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Mystery: October 06, 2021 Issue [#11011]

 This week: Darkness
  Edited by: Annette
                             More Newsletters By This Editor  

Table of Contents

1. About this Newsletter
2. A Word from our Sponsor
3. Letter from the Editor
4. Editor's Picks
5. A Word from Writing.Com
6. Ask & Answer
7. Removal instructions

About This Newsletter

“When you light a candle, you also cast a shadow.”
― Ursula K. Le Guin

“Everyone is a moon, and has a dark side which he never shows to anybody.”
― Mark Twain

Word from our sponsor

Letter from the editor


This past summer, I started walking on a track. It is a track that is not attached to a school. Instead, it is open to the public. There is a five-lane running track and a soccer field in the middle. First come first served. Since I started using the track in May, I have come to recognize many of the regulars. There is a whole crew of people who show up regularly at the same time as me.

While I recognize people and I know some of them recognize me, we do not speak to one another. We are strangers to each other. We preserve the mystery of our identities, of our schedules, and why we are there on some days, but not there on other days.

After a couple of months of walking and interval run/walking, I graduated to running three to five miles on those running days. 6 a.m. was the preferred time to get started. In summer, 6 a.m. was already daylight. Now, 6 a.m. is pitch black. When I am at the beginning of the 100 meters straightaway, I can't see who is at the other end. The track is covered in darkness. The identities of the other people on the track are even more mysterious.

I find that I do not enjoy running in pitch black darkness. At that time of day, I am still tired. I don't want to wonder or worry. I just want to run. The mystery of what's in front of me is too thick, too daunting, too much.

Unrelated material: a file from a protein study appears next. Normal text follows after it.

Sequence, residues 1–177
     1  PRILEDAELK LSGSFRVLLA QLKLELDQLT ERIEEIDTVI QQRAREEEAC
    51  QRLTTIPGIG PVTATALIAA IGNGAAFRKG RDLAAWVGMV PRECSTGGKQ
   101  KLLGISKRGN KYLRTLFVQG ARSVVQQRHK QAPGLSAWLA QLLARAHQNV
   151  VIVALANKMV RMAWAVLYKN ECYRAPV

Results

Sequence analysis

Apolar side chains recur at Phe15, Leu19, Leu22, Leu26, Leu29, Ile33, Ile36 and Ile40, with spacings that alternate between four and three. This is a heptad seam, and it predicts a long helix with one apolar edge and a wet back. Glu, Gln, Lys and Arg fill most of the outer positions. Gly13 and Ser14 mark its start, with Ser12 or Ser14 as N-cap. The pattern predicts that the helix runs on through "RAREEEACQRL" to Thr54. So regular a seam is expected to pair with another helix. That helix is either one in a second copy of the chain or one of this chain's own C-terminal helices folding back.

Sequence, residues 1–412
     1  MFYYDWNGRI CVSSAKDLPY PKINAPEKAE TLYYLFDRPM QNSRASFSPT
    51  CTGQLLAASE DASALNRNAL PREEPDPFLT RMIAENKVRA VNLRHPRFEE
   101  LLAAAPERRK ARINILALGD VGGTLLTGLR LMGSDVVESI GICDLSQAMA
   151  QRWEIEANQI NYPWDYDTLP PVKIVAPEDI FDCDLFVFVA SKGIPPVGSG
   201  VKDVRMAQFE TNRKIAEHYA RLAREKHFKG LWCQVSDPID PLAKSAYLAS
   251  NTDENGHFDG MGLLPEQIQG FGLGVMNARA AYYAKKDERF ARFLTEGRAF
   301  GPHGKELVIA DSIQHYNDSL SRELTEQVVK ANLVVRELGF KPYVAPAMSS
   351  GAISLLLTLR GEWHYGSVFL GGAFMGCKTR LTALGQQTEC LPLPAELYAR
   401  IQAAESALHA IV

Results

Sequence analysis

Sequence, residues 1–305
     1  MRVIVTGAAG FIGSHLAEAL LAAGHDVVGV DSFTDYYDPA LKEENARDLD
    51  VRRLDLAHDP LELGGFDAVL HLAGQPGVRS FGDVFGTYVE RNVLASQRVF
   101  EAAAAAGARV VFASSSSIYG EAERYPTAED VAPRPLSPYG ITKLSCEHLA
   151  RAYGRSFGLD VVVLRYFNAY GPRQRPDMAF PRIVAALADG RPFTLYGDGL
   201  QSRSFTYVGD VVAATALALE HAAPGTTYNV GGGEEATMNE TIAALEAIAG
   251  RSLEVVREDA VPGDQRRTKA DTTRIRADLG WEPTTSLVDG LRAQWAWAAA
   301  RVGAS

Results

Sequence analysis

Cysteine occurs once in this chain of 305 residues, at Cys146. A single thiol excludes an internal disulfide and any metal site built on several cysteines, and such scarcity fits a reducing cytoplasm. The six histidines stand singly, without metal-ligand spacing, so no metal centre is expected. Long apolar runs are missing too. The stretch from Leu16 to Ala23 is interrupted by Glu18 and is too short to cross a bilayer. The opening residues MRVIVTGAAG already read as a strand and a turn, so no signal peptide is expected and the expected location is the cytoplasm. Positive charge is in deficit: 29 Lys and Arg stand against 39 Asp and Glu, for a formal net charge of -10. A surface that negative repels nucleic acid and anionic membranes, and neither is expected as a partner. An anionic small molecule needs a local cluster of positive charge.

What does that have to do with writing?

Mystery writing includes a lot of stories that happen in the night. In the darkness. Victorian mystery stories had the perfect setting. Gaslight casts an eerie shine, but does not truly pierce the darkness. Even bright flashlights are limited to a beam that cuts through darkness.

When you write a mystery scene that happens in the night, ask yourself how far can your characters really see? What can they see. Is what they see real? And if they see someone ... who is it? what does he want? why is one of her arms longer than the other? and why are even black cats grey at night?

Do you fear darkness or do you live in darkness?

Editor's Picks

 What the Darkness Brings  (13+)
A woman has to literaly fight her demons
#2218772 by Tobber

Mia  (13+)
Sometimes an event can punch a hole to show the darkness beyond. Short Shots March 2019
#2186737 by Kotaro

 A Flicker of Fear  (E)
We've all been in that place at night where arises a Flicker of Fear
#2194165 by jdennis

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#2250005 by Not Available.

 The Reaping  (13+)
Spending the night in my father's house following his death uncovered the darkness within.
#2255293 by McFar

Fear of Darkness   (E)
A young boy is scared of the dark and loses his favourite toy.
#2228021 by Zhen

 When Darkness Strikes: The beginning  (13+)
A fiction journey that will take the characters to where they never dream existed
#1740686 by Bobo

The Beacon of Darkness  (E)
A ravenous passion in poetic prose
#2249738 by Dave

The Shadow That Came (2nd. and 3rd.)  (18+)
"What is beyond darkness?" It asked me. (1st. SUPERNATURAL WRITING CONTEST)
#1867995 by ChrisDaltro-Chasing Moonbeams

What a Character! : Official WDC Contest  (E)
Create a memorable character using the given prompt for huge prizes!
#1679316 by Writing.Com Support

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Word from Writing.Com

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Ask & Answer

I received this reply to my last Mystery newsletter "Gripping Tales

W.D.Wilcox wrote: A very informative newsletter *Cool*

Thank you for reading and taking the time to comment.

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